How electronic publishing is related to standard publishing
Definition of weblication
Weblication is used in this article to describe any dissemination of information which occurs primarily via the Internet or World Wide Web. While weblications may be downloaded to local computers or magnetic media and/or printed onto paper by individual readers, this is secondary to their initial distribution. Such physical copies may be considered analogous to photocopies of articles from paper journals. While e-journals may be distributed as physical copies, on CD-ROM or similar media, this is for archival purposes or to facilitate additional distribution on the Internet or through a local computer network. This type of re-distribution would reduce the need for large computer hard-drives for the original publisher and, at the same time, reduce Internet traffic as well as bring the library one step closer to the development of full on-line archives.
Who can weblicate?
Anybody with permission to write files on a computer functioning as an Internet server, plus a rudimentary knowledge of HTML, can weblicate any document they choose. This type of e-self publication can disseminate ideas quickly but lacks scientific credibility, much as a self-published paper article does. This is because, in many instances, an article is self-published because it has been rejected by peer review; the author[s] refuses to accept the comments of his/her peers. Therefore, such e-self publication is unlikely to impress faculty review committees or grant review boards. However, e-self publications containing mailto links do facilitate communication, contributing indirectly to professional advancement.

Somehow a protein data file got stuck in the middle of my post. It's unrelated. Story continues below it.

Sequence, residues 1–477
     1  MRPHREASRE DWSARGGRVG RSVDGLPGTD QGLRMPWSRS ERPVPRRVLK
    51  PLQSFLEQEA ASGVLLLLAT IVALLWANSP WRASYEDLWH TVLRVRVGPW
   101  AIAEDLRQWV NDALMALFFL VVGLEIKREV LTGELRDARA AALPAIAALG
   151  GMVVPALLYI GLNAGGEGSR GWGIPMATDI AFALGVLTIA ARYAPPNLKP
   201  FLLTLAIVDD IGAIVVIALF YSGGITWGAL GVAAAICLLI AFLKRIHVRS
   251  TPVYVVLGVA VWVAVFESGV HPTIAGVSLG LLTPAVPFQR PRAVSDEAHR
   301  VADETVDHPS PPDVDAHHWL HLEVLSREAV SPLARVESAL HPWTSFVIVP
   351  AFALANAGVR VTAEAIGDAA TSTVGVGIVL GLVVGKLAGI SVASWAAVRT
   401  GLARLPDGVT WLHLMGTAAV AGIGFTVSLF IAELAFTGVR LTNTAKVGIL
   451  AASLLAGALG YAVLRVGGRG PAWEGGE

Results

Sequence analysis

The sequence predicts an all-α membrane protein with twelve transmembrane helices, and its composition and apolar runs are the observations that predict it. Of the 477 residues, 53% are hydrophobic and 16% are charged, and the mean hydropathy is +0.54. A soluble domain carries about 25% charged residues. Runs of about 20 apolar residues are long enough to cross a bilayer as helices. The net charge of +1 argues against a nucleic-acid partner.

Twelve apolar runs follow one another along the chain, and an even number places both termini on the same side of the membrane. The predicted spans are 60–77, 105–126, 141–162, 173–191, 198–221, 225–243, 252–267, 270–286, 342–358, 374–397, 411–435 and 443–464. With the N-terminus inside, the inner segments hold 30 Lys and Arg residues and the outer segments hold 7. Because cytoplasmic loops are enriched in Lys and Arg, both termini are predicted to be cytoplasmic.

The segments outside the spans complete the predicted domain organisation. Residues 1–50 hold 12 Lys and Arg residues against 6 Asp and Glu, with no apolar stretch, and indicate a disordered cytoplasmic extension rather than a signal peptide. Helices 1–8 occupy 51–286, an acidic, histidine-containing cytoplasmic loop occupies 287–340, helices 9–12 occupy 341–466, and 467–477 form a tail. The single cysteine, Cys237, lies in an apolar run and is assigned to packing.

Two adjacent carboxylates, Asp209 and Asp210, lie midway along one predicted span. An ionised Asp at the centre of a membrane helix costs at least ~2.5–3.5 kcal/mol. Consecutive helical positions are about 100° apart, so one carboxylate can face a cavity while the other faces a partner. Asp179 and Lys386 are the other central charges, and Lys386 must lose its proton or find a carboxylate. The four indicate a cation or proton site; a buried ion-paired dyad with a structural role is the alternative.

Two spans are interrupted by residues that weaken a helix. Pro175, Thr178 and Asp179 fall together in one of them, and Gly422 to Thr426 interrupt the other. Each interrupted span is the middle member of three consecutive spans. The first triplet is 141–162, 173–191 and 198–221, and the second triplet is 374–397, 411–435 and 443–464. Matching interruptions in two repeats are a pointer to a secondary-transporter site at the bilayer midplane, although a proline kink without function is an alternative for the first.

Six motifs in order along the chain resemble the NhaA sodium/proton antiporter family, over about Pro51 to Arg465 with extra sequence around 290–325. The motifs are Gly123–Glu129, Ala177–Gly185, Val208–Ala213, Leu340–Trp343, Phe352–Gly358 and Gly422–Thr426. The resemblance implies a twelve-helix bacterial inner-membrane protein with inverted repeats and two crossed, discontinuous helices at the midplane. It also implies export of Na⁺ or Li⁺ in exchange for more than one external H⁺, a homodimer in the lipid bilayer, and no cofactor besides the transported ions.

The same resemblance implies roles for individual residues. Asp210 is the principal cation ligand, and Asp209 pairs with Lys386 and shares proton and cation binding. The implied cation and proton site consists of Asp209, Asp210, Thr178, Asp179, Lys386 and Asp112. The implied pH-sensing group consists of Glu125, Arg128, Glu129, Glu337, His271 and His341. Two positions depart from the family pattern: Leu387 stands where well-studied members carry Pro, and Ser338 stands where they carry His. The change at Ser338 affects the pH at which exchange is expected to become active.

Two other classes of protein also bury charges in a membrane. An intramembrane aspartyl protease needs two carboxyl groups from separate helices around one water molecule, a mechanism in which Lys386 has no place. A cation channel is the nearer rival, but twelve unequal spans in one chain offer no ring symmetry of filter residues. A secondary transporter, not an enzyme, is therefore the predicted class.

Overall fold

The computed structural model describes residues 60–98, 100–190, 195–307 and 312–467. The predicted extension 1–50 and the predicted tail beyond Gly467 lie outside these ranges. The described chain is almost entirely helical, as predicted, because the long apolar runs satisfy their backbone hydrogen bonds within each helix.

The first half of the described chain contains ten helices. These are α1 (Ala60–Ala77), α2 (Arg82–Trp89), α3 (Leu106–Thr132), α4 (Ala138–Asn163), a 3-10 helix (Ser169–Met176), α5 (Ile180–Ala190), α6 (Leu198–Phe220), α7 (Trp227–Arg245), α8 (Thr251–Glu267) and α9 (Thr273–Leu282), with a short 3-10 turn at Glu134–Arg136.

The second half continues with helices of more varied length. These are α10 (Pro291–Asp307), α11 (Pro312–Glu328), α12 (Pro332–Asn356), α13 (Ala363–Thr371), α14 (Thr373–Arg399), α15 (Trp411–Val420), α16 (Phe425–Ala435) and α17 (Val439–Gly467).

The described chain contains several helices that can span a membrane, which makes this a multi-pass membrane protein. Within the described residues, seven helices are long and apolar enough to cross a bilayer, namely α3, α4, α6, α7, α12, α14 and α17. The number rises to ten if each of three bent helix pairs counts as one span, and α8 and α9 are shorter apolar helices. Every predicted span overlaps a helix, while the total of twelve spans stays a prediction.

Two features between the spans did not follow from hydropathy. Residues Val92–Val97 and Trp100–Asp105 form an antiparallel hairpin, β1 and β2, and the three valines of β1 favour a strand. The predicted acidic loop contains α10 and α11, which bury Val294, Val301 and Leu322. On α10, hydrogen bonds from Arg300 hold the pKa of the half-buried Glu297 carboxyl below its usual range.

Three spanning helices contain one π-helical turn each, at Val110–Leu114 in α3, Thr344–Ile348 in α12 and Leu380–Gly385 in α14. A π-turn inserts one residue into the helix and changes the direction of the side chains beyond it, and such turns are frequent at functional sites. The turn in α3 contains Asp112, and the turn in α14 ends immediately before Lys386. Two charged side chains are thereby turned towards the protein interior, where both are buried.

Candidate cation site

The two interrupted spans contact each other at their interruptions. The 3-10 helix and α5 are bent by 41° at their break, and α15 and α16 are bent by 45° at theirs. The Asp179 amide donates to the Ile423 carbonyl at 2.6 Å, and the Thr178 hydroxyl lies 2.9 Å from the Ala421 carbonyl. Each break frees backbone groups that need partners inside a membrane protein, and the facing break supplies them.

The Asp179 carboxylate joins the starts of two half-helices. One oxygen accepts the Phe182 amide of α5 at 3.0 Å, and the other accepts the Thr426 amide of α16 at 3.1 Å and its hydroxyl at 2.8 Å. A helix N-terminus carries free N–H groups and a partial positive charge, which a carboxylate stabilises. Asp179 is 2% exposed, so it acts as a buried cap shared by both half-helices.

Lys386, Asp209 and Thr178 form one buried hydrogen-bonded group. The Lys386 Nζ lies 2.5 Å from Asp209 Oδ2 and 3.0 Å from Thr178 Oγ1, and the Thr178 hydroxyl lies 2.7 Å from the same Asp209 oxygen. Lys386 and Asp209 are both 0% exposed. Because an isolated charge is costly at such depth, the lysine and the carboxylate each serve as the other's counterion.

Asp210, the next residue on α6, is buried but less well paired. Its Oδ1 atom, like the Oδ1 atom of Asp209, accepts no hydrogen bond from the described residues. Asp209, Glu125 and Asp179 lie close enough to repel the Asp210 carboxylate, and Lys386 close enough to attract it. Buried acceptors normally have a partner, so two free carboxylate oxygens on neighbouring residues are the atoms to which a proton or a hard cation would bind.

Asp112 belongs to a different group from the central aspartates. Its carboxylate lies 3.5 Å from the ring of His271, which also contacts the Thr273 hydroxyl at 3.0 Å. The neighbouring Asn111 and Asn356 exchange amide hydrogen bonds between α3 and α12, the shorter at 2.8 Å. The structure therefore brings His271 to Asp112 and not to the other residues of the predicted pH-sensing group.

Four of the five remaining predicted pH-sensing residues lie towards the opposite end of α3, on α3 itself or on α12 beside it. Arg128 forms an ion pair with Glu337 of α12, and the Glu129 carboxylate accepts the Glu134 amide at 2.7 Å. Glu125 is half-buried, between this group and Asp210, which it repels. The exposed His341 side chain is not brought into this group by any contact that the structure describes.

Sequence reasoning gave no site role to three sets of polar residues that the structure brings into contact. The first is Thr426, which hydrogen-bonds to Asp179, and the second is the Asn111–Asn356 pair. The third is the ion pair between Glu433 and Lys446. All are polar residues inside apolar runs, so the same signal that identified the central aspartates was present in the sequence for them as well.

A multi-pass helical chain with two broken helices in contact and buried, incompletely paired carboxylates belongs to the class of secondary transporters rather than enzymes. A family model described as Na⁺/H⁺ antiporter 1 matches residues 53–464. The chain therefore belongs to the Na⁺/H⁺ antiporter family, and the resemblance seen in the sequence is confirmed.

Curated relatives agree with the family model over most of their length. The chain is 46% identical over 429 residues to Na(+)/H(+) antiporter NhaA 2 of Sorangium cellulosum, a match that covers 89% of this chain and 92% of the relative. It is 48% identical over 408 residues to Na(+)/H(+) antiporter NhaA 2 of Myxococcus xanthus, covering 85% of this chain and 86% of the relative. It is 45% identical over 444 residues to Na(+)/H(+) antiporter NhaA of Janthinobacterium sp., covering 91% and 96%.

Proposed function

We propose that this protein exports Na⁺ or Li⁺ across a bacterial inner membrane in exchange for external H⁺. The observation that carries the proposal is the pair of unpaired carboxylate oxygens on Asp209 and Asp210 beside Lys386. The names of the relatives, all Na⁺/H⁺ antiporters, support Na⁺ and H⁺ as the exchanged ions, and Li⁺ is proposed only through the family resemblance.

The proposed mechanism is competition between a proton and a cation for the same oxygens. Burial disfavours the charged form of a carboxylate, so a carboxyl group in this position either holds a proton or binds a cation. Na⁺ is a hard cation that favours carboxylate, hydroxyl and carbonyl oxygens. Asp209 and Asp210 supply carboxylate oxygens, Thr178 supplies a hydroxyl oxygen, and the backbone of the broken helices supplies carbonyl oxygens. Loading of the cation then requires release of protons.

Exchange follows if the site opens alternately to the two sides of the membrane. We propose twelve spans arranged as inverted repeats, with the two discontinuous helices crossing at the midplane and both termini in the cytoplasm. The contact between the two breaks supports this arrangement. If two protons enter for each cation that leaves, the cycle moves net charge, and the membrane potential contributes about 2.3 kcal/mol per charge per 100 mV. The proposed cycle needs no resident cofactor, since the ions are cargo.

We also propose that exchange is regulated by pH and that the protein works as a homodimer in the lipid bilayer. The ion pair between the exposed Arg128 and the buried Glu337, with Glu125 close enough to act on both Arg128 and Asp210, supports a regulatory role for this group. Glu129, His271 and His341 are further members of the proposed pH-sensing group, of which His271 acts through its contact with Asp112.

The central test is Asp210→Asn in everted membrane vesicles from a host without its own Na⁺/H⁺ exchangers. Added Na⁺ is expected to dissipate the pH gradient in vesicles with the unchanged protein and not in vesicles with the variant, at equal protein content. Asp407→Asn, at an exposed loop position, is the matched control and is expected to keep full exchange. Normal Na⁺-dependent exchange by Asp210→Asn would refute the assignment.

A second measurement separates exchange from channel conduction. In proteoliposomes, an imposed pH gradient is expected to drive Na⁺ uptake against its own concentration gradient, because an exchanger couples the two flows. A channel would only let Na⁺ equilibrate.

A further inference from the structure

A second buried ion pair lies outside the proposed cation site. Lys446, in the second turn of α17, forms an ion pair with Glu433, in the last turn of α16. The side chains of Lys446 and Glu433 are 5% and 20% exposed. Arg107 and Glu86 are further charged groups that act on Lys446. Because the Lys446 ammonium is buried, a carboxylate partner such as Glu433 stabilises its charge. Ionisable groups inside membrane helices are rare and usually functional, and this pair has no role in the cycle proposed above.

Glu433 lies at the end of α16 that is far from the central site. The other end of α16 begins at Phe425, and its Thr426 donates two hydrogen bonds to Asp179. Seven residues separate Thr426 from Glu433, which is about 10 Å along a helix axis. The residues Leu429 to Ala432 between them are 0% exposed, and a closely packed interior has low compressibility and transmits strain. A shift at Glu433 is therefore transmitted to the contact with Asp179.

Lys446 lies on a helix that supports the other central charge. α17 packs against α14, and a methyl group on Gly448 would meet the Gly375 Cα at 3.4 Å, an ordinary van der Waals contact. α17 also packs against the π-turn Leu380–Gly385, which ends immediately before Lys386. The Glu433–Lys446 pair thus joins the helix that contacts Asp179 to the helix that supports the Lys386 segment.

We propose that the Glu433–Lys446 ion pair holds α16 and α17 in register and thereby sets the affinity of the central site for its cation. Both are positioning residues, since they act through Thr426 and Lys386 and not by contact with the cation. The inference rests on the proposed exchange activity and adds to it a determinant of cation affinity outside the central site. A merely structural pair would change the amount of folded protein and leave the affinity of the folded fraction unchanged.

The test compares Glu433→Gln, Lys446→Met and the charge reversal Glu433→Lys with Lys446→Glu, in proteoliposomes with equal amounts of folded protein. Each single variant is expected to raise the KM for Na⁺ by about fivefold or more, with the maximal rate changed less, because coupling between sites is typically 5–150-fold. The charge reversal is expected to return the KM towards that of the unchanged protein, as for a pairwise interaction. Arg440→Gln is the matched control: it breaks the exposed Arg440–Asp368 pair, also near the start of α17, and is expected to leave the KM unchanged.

The standards of E-journals
E-journals attempt to combine the power of the Internet with the professional standards associated with print journals. These standards include peer review, distribution, indexing, future availability, proof of priority and "impact score".
Peer review : The main professional standard is peer review. Most print journals in biological sciences use anonymous peer review. In this system the author's name is known to the two (or three) independent reviewers whereas the reviewers remain anonymous to the author. While this system works well in general, it may allow an unscrupulous reviewer to indulge personal grievances against competitors and to hold up a competitor's paper until theirs comes out, or it may cause a feeling on the part of the author that a review is biased. Whichever the case, the editor is expected to serve as intermediary and resolve the differences. Some journals in the physical sciences use an open review system in which the identity of the reviewers is known to the author. Editors of these journals claim that complaints from authors about the fairness of reviews are less frequent. Either open or anonymous review is suited to e-journals and it is the quality of the expected review, not the method, that an author should consider when selecting an e-journal as a venue for weblication.